International exchange rates show how much one unit of currency can be exchanged per unit of another currency. Currency exchange rates can be floating, in which case they are constantly changing based on many factors, or they can be tied (or fixed) to another currency, in which case they also float, but they move in tandem with that currency, to which they are attached.
Knowing the value of the national currency in relation to various foreign currencies helps investors analyze assets valued in foreign currency. For example, for an American investor, knowing the rate of the dollar against the euro is valuable when choosing European investments. A depreciation of the US dollar can increase the value of a foreign investment, just as an increase in the value of the US dollar can damage the value of your international investment.
Fixed exchange rate modes are set to a predefined value binding with another currency or basket of currencies.
A floating exchange rate is the exchange rate that is determined by supply and demand in the open market, as well as by macroeconomic factors.
A floating exchange rate does not mean at all that countries are not trying to intervene and manipulate the price of their currency, since governments and central banks regularly try to keep the price of their currency favorable to international trade.
Floating exchange rates have become the most common and popular after the failure of the gold standard and the Bretton Woods agreement.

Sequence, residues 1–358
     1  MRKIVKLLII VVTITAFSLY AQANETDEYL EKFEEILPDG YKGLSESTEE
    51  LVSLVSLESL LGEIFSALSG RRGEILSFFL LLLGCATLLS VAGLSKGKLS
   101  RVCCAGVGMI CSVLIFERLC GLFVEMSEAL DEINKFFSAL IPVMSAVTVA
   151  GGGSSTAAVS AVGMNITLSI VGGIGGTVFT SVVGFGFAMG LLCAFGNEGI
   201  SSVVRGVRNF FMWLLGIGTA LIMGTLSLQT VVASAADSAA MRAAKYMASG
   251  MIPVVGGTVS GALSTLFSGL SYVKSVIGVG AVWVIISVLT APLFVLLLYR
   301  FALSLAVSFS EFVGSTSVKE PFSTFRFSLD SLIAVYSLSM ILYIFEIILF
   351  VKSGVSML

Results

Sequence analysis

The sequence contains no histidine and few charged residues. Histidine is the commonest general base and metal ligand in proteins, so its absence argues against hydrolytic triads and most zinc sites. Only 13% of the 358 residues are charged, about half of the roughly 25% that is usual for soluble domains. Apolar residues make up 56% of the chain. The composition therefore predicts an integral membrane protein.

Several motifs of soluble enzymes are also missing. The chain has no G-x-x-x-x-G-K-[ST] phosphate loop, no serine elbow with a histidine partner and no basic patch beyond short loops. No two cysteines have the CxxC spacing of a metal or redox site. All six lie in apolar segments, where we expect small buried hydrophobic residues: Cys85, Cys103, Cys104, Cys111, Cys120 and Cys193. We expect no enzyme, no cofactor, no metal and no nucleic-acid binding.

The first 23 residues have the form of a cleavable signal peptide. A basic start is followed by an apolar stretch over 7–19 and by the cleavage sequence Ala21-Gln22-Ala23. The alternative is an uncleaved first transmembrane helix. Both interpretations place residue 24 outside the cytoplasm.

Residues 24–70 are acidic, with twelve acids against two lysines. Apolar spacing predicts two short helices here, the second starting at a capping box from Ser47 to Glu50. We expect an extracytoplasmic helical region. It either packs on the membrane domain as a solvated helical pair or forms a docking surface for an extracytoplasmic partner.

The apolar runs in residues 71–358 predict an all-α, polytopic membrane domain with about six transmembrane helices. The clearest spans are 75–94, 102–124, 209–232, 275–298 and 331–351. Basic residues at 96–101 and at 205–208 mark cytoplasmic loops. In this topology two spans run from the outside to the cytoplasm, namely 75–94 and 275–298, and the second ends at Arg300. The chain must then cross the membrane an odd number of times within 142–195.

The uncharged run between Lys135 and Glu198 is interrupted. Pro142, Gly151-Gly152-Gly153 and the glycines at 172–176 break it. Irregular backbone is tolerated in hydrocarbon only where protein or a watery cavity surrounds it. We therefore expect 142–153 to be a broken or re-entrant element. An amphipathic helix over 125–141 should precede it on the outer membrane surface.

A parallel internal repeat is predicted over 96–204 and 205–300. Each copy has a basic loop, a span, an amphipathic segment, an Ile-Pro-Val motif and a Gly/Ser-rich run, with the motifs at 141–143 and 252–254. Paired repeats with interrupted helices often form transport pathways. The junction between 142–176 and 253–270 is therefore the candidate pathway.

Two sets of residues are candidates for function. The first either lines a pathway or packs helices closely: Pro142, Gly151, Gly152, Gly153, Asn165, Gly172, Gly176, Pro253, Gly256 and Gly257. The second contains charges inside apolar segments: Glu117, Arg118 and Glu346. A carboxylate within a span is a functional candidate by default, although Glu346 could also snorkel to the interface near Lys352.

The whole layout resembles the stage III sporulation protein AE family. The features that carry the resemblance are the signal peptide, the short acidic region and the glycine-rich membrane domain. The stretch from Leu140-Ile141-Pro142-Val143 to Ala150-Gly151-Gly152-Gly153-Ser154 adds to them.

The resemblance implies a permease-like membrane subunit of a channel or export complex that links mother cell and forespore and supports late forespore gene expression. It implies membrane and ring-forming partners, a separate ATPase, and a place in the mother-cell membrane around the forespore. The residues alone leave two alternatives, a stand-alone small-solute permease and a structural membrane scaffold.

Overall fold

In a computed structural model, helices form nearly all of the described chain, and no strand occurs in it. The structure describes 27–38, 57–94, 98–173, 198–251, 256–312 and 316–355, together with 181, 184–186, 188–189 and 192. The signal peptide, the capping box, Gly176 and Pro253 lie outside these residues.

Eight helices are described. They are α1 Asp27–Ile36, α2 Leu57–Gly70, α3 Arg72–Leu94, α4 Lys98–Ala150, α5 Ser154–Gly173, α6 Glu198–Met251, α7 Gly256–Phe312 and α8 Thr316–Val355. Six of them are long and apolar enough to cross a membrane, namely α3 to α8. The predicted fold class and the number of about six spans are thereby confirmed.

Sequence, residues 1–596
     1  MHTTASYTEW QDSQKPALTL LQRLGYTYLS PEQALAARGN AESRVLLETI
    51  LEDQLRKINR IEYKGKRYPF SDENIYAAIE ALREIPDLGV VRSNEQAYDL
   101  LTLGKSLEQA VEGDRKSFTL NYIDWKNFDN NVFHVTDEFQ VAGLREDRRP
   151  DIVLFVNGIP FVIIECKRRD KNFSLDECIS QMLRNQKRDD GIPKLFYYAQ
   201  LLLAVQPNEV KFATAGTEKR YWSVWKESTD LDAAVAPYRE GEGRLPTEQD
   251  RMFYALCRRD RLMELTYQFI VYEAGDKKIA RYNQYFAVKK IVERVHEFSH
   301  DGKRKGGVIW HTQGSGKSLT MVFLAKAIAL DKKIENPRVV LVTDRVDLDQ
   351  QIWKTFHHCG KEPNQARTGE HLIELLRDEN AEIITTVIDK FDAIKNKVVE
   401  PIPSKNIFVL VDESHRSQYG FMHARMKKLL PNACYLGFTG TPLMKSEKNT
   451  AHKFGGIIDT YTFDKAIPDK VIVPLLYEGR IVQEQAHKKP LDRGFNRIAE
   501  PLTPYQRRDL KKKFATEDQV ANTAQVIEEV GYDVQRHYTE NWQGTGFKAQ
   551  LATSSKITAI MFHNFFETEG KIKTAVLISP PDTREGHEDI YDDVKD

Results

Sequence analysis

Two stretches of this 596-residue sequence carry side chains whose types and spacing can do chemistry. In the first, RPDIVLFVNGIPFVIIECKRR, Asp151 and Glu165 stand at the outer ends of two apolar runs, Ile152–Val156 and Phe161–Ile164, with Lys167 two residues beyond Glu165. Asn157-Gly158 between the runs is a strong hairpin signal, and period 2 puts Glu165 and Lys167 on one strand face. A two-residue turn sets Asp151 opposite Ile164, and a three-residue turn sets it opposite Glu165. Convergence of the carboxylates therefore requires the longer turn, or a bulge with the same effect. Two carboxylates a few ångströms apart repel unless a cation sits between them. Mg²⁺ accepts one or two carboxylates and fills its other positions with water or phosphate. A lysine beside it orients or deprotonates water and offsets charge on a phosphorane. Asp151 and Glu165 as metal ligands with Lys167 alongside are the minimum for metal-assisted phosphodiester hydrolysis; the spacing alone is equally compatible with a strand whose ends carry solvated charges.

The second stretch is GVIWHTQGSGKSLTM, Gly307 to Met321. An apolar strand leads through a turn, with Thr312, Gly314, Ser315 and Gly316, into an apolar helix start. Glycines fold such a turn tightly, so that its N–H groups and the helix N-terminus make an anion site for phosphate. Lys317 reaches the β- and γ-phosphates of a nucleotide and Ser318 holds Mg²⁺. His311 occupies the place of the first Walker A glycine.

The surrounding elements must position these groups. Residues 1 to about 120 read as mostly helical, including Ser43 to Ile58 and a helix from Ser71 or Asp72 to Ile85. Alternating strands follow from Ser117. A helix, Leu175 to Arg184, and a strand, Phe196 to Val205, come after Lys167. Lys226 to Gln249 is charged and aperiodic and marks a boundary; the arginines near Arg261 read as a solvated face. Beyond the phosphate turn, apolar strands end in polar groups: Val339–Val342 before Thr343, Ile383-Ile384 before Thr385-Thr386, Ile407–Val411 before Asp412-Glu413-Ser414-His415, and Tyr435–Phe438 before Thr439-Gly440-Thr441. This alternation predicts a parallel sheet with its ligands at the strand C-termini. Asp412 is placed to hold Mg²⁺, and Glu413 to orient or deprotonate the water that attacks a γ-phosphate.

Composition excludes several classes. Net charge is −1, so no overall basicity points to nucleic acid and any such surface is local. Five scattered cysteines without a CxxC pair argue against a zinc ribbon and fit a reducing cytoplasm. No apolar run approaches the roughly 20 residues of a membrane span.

Floating exchange rates are determined by market forces of supply and demand. For example, if the demand for US dollars from Europeans increases, the supply-demand ratio will increase the price of the US dollar against the euro.
There are countless geopolitical and economic factors that affect exchange rates between the two countries, but some of the most common include changes in interest rates, unemployment rates, inflation reports, gross domestic product and production data of a country.
As a rule, the more country depends on domestic industry, the stronger the correlation between the national currency and the prices of goods in the industry. Some currencies provide good examples of commodity-currency relations.
For example, the Canadian dollar is positively correlated with the price of oil. Therefore, when the price of oil rises, the Canadian dollar tends to rise in relation to other major currencies. This is because Canada is one of the largest oil exporters. When oil prices are high, Canada tends to earn large revenues from its oil exports, giving the Canadian dollar a boost in the foreign exchange market.
Another good example is the Australian dollar, which is positively correlated with gold. As Australia is one of the largest gold producers in the world, its dollar tends to move in unison with changes in gold bullion prices. Thus, when gold prices rise significantly, it is expected that the Australian dollar will strengthen against other major currencies.
Some countries prefer to use a fixed exchange rate, which is set and maintained artificially by the government. This rate will not fluctuate throughout the day and can be reset on certain dates, known as revaluation dates. Emerging-market governments often do this to ensure the stability of the value of their currencies.
To maintain a stable fixed exchange rate, the country's government must have large reserves of the currency to which its national currency is tied to control changes in supply and demand.